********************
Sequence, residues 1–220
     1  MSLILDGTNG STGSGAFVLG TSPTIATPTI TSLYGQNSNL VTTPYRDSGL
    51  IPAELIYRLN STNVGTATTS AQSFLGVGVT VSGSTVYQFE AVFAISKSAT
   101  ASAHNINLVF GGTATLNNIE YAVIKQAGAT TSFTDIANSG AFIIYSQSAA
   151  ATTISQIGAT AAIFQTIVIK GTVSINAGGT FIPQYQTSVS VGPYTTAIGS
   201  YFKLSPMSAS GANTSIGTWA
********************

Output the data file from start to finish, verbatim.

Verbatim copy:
Sequence, residues 1–220
     1  MSLILDGTNG STGSGAFVLG TSPTIATPTI TSLYGQNSNL VTTPYRDSGL
    51  IPAELIYRLN STNVGTATTS AQSFLGVGVT VSGSTVYQFE AVFAISKSAT
   101  ASAHNINLVF GGTATLNNIE YAVIKQAGAT TSFTDIANSG AFIIYSQSAA
   151  ATTISQIGAT AAIFQTIVIK GTVSINAGGT FIPQYQTSVS VGPYTTAIGS
   201  YFKLSPMSAS GANTSIGTWA